Apple (AAPL 0.00%) recently registered a new company, Apple Technology Service (Shanghai) Ltd., to operate in the Shanghai free-trade zone and introduce Apple Pay to its Chinese customers. CEO Tim Cook previously said launching Apple Pay in China was at the "top of the list" of the company's priorities. However, the company has had problems negotiating with China UnionPay, which has a near monopoly on payments across China.
But just as Apple took its first steps into the market, Swiss watchmaker Swatch (SWGAY -3.54%) unveiled a new watch for making mobile payments in China. The Swatch Bellamy, which isn't a full-featured smartwatch, contains an NFC chip for making payments. The watch doesn't connect to the Internet or a mobile device. Instead, Swatch partnered with China UnionPay and Bank of Communications to allow payments through the chip, which charges a registered user's account. The watch will launch in January for 580 yuan ($91), and eventually arrive in Switzerland and the U.S.
Why Swatch cares about China
Bernstein analysts estimate that 45% of Swatch's sales come from Chinese consumers. But a saturated low to mid-range watch market and a weakening Chinese economy caused Swatch's net income to plunge nearly 20% annually in the first half of 2015.
To make matters worse, Swatch's namesake brand faces rising competitive pressure from smartwatches. Jean-Claude Biver, CEO of LVMH's TAG Heuer, recently told CNBC that the Apple Watch was "big competition" for devices that cost between $200 and $2,000. A recent report from research company RedTech Advisors/Talking Data claims that Apple has already sold over a million Apple Watches in China since its launch in May. That's about a fifth of the Apple Watches that have been sold so far.
That growth sent traditional watchmakers scrambling to respond with their own smartwatches. Tag Heuer and Fossil have both partnered with Intel and Alphabet's (GOOG -1.62%) (GOOGL -1.81%) Google to launch Android Wear smartwatches powered by Intel processors.
Swatch didn't partner with those tech giants. Instead, the company developed watches with health and payments features, like the fitness-tracking Zero Touch One and the payments-powered Bellamy. The company hasn't revealed any plans to make a full-featured smartwatch yet.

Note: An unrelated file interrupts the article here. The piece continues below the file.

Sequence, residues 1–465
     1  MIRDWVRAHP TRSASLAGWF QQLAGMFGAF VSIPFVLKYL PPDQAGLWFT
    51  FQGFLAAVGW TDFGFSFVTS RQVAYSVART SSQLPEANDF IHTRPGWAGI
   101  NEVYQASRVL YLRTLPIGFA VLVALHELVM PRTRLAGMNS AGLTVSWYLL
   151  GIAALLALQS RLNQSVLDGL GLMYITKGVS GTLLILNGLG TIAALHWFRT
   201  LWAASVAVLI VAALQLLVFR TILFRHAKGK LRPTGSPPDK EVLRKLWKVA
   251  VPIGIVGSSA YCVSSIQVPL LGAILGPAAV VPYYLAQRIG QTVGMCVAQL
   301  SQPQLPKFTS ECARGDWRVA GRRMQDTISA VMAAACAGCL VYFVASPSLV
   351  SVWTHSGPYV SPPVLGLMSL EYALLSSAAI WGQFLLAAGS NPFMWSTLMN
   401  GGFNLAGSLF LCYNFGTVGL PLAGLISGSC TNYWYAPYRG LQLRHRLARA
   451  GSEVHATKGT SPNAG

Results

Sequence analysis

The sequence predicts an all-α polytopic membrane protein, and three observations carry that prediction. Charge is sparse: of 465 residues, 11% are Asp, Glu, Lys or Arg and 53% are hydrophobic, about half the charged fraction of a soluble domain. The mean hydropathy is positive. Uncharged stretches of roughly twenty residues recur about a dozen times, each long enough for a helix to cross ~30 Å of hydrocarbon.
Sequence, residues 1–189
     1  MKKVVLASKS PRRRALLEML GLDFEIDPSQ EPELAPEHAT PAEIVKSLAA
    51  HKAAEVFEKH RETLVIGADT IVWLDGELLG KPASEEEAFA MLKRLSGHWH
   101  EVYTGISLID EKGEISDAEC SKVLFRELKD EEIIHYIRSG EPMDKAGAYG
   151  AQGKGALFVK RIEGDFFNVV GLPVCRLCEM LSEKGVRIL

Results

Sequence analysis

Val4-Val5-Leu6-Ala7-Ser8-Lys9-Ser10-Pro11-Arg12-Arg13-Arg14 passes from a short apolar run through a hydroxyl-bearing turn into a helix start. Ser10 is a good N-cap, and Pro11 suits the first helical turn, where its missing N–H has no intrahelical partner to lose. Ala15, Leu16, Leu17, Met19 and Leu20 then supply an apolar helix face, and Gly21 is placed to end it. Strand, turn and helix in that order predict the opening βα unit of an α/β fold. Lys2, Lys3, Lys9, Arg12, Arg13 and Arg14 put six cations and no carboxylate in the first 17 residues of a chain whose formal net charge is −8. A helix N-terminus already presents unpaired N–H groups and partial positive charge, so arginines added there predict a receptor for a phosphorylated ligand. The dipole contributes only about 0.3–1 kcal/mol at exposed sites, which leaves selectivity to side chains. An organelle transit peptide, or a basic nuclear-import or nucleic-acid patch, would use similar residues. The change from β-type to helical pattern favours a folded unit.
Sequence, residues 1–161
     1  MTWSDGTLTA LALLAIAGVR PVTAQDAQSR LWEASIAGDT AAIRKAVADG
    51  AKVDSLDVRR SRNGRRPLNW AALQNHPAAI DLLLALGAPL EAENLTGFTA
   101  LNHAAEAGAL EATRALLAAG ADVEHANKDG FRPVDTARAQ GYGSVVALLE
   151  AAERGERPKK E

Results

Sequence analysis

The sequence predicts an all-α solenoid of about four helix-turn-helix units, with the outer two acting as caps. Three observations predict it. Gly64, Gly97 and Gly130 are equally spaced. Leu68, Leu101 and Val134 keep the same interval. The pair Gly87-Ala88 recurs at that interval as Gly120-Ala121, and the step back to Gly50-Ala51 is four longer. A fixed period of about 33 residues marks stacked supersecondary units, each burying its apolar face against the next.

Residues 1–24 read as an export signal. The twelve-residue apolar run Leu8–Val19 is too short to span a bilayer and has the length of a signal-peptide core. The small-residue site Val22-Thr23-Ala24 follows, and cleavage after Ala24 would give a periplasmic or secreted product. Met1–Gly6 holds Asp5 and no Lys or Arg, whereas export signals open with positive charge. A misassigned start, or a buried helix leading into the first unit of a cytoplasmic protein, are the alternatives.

Why Apple probably isn't worried
Swatch might have beaten Apple to the punch in mobile payments in China, but Apple probably isn't worried. In addition to selling over a million Apple Watches in China, demand for iPhones has been robust, with three to four million iPhone 6s units being sold during its launch weekend.
Apple controlled 12% of the Chinese smartphone market during the second quarter, according to Counterpoint Research, making it the third largest phone maker in the country after Xiaomi and Huawei. Earlier this year, iOS app downloads in China surpassed those in the United States. That strong growth in hardware and software gives Apple a lot of clout in negotiating favorable deals. That's probably why the negotiations with UnionPay have dragged on for such a long time.
In the U.S., Apple receives $0.15 for every $100 in processed payments. Chinese banks, which send all interbank transactions through UnionPay, have been reluctant to charge those fees. But as Apple's ecosystem grows in China, so will consumer demand for Apple Pay. As a result, UnionPay might have to reach a compromise with Apple. Swatch can't rely on that ecosystem strength. Instead, Swatch can only depend on the strength of its brand and a potentially brief first-mover's advantage in mobile payments.
But considering how many people are already buying Apple Watches in China, a finalized agreement with UnionPay could simply be seen as icing on the cake for Apple Watch buyers. Conversely, the addition of mobile payments to the Swatch Bellamy might not be enough to challenge Apple's full-featured Apple Watches. Moreover, the Bellamy must be registered with one of the Bank of Communication's 2,785 branches to be activated. That hurdle could further throttle the use of Swatch's mobile payments.
Timing is everything
Earlier this year, Google agreed to waive transaction fees for credit card companies on Android Pay. It did so because after signing with Apple, many major credit card companies introduced a "tokenization" system that blocked other payment services from charging transactions fees. Since Google didn't ink a deal before that happened, it couldn't secure any transaction fees.
Swatch didn't disclose the details of its deal with UnionPay, but it likely negotiated Google-like conditions instead of Apple-like ones. Apple, on the other hand, likely wants to meet UnionPay in the middle so it can still generate revenues from mobile payments in China. Therefore, Apple probably doesn't care that Swatch introduced mobile payments in the country earlier.